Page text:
Unfortunately, we missed this one on the gallery hop last Thursday night in Chelsea, due to unexpectedly closed doors at Cheim & Read, but it is on the agenda for the next trip to the west side. The impressive roster includes names from Jenny Holzer to Kara Walker to Bernice Abbott, and of course, Louise Bourgeoise. From photography to painting and sculpture, the gallery aims to present a twist on the traditional understanding of the gaze in the canon. The curator has selected female artists looking at female subjects. The French feminist movement started to challenge what Laura Mulvey identifies as the “male gaze” in her essay, Visual Pleasure and Narrative Cinema: “the male, based on his desire for the female form, determines the way in which the female is perceived, thereby reducing her role to one of passivity and pleasure.” The female identity and voice is traditionally only created and communicated by the male’s representation.
“The show seeks to present a collection of works which reclaim the traditional domination of the “male gaze” and reorient the significance of the female figure to allow for more varied interpretations… This exhibition attempts to debunk the notion of the male gaze by providing a group of works in which the artist and subject do not relate as “voyeur” and “object,” but as woman and woman. It would be interesting to ask the question how we would feel about the works in the exhibition if we were told they were made by a man.”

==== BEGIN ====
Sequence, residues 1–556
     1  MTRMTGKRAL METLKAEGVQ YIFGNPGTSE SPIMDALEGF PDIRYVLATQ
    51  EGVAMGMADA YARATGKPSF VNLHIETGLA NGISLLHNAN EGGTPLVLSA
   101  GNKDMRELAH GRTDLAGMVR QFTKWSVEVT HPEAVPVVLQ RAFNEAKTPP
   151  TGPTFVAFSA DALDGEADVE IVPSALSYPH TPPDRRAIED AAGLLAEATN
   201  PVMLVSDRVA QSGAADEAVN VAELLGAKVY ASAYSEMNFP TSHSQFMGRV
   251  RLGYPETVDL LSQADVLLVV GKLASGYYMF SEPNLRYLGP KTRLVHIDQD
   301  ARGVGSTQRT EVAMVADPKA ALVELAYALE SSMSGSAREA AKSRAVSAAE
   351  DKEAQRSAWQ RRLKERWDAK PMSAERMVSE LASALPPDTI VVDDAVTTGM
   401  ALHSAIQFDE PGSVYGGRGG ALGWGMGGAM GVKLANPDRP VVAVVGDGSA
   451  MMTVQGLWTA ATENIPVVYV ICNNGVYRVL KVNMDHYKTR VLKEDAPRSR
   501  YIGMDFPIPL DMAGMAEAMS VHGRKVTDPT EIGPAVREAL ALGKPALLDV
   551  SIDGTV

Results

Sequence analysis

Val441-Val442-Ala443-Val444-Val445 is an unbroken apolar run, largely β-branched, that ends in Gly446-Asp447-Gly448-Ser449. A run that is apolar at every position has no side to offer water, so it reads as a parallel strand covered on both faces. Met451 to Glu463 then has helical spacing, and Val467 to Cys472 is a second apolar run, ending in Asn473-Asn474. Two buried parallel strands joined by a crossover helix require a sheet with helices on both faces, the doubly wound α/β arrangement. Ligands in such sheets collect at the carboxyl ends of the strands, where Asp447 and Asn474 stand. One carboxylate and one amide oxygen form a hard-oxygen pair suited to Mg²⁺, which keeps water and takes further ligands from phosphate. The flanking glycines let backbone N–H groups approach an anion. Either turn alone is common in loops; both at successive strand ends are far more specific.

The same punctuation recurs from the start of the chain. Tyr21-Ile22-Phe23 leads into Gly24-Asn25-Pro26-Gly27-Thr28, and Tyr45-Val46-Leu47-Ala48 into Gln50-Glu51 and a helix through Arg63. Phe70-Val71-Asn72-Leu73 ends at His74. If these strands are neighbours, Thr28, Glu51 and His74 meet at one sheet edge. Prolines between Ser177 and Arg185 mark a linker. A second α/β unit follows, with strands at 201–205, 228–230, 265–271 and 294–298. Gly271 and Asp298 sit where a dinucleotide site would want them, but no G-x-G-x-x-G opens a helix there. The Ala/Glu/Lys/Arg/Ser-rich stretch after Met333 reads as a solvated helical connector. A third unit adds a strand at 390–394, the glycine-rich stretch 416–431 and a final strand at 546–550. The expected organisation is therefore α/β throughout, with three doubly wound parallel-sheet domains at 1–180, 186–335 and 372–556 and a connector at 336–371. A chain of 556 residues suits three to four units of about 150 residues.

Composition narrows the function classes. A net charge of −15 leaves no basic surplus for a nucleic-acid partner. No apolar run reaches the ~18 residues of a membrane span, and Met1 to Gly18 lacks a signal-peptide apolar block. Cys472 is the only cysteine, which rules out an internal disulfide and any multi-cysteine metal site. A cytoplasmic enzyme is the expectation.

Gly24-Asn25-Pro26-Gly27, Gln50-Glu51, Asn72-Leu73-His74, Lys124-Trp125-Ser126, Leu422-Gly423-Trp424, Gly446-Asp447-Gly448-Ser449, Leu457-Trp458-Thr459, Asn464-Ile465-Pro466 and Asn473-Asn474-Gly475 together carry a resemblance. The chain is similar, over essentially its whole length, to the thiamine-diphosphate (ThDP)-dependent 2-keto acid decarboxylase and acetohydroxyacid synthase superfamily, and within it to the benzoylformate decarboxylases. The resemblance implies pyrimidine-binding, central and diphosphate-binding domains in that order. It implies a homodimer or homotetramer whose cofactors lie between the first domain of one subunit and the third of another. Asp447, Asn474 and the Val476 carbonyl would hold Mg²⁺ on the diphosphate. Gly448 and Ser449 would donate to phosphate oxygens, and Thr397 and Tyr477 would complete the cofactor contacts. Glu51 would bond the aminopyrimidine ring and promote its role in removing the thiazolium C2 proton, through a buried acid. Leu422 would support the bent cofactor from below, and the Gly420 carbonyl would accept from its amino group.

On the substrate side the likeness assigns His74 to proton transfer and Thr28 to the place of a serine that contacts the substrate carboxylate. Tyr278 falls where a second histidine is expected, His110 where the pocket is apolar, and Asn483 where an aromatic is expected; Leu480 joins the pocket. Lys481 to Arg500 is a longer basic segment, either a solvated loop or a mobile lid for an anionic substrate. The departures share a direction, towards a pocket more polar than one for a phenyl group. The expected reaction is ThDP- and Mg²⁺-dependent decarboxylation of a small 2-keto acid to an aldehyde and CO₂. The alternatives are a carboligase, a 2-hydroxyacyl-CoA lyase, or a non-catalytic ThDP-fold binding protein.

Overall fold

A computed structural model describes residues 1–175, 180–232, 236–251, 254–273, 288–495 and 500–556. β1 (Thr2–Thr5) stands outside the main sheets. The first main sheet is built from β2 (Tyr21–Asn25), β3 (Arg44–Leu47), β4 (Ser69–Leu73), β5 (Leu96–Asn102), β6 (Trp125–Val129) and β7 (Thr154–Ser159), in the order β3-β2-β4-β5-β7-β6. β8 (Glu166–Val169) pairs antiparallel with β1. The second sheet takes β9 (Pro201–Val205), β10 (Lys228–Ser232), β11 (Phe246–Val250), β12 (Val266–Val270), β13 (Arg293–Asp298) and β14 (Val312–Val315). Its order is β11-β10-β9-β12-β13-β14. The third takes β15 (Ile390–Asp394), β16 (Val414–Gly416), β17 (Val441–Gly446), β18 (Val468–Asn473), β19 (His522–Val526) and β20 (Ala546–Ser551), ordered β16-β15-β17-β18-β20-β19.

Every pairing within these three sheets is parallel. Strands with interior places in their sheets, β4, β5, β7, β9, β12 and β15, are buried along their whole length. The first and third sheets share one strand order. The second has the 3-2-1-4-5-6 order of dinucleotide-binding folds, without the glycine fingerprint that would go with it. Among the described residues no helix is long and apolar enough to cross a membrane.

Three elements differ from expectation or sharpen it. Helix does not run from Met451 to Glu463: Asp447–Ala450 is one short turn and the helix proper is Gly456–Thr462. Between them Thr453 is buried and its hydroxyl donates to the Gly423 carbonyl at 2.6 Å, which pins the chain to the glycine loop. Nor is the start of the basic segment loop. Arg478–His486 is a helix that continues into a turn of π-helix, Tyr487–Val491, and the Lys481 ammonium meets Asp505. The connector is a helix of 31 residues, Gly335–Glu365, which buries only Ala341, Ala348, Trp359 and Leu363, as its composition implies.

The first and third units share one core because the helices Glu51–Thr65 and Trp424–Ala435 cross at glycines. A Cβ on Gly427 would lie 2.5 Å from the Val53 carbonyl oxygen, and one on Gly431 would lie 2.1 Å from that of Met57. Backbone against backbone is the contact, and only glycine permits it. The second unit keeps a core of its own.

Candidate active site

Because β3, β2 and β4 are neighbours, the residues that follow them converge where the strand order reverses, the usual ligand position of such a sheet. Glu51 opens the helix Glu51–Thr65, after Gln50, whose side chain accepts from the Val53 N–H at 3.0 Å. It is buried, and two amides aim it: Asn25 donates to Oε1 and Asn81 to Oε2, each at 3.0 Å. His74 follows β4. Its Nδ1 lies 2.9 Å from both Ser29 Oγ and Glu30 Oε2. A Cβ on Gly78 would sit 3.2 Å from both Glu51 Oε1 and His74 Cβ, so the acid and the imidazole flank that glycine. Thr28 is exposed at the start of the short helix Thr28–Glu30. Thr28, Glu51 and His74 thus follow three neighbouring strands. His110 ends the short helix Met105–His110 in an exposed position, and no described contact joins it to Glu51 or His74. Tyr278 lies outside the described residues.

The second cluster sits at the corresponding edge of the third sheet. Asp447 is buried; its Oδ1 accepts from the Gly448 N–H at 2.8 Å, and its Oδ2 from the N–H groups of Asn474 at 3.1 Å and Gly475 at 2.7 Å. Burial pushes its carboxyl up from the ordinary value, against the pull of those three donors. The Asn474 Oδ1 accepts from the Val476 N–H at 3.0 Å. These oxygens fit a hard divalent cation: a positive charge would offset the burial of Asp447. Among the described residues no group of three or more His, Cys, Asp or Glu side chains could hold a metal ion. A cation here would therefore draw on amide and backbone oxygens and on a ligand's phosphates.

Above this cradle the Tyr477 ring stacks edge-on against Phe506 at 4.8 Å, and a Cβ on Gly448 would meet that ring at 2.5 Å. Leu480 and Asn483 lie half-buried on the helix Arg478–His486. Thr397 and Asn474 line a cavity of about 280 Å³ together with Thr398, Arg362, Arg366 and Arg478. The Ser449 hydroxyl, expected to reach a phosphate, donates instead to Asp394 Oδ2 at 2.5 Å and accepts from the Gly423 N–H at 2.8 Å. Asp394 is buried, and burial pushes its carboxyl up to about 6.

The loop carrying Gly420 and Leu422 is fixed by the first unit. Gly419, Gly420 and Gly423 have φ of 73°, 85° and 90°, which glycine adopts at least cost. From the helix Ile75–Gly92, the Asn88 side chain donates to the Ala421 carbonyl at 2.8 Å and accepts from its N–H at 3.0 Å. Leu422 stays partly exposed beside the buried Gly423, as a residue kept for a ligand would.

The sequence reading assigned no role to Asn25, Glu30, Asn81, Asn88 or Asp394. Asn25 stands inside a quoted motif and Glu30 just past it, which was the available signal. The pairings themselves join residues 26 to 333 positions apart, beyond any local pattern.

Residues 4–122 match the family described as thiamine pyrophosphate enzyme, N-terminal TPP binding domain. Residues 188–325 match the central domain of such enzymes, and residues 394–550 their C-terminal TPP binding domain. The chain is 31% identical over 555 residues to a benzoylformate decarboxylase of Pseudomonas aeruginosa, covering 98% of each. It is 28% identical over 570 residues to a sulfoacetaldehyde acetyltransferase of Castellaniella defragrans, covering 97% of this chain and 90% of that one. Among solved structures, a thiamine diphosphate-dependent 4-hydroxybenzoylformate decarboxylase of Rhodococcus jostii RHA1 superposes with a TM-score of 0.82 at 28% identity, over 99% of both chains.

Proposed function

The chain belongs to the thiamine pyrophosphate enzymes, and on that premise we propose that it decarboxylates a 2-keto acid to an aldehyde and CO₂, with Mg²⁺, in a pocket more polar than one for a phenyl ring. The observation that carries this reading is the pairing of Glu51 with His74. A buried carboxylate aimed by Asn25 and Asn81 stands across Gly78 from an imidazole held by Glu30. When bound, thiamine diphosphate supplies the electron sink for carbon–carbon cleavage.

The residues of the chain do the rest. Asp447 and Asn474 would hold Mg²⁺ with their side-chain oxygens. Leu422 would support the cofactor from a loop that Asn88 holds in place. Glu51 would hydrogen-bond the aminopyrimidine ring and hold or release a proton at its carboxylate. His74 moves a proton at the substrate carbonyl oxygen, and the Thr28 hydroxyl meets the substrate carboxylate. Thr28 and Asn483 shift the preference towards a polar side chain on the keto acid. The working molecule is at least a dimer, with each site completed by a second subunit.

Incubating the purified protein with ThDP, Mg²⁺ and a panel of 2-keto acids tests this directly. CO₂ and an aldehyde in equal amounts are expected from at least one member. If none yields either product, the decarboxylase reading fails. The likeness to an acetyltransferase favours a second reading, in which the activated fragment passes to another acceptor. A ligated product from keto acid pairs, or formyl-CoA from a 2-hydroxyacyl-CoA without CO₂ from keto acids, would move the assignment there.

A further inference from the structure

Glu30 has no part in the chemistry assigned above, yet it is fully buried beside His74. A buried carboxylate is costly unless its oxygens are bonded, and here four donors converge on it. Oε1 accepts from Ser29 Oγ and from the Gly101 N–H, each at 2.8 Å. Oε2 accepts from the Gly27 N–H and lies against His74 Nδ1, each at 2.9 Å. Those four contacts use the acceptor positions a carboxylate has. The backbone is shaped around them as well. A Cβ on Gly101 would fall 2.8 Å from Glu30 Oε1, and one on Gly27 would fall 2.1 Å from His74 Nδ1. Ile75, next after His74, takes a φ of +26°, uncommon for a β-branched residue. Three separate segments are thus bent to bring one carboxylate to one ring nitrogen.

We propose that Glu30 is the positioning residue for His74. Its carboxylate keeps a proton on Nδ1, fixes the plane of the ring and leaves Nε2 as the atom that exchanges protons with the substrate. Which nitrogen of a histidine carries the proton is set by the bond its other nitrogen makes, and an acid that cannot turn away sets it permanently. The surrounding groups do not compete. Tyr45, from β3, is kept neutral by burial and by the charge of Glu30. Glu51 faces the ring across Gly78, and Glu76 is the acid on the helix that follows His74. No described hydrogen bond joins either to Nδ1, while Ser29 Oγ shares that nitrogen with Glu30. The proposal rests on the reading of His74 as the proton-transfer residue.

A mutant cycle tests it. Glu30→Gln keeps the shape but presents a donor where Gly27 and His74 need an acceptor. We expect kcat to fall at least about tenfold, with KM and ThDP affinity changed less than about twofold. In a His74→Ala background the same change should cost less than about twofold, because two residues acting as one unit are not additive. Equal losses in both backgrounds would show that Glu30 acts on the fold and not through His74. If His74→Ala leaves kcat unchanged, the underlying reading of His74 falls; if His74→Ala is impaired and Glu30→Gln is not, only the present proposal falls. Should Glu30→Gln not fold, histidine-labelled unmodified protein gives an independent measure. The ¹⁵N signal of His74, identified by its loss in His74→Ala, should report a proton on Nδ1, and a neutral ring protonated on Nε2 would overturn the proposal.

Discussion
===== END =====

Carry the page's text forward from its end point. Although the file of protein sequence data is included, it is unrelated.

See the gallery walkthrough here, courtesy of the Douglas Kelly Show.
Unfortunately, we don’t see the aesthetic cohesion across the 41 (count them, 41) works, although the thought was nice in collecting these works in one place, maybe (when do “feminist artists” become just artists?) But are these works representative of each artist’s body of work? Or are these carefully chosen to make the curator’s point for this single show? We’ll have to see it in person (at 547 West 25th Street) to decide if the room by room arrangements make a strong enough statement… QUICK -it’s only up until September 19.
(installation photograph courtesy of Cheim & Read)